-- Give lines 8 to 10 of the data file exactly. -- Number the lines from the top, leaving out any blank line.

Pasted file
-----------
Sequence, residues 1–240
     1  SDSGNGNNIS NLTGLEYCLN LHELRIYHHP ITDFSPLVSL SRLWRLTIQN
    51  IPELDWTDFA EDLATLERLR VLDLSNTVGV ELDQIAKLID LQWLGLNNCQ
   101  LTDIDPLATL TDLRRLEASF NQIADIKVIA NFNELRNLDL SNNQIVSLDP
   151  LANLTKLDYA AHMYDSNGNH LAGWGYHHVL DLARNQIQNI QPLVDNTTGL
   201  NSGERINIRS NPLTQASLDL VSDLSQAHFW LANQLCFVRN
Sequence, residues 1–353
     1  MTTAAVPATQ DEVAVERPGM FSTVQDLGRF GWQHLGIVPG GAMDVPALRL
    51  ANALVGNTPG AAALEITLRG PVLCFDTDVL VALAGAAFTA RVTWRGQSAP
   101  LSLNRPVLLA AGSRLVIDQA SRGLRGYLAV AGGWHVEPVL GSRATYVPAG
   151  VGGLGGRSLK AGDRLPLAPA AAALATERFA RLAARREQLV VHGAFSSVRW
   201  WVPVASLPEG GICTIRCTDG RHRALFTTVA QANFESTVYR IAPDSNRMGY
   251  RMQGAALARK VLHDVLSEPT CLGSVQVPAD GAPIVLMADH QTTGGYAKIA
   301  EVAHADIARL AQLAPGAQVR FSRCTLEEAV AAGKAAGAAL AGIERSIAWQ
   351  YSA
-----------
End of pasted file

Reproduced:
     1  MTTAAVPATQ DEVAVERPGM FSTVQDLGRF GWQHLGIVPG GAMDVPALRL
    51  ANALVGNTPG AAALEITLRG PVLCFDTDVL VALAGAAFTA RVTWRGQSAP
   101  LSLNRPVLLA AGSRLVIDQA SRGLRGYLAV AGGWHVEPVL GSRATYVPAG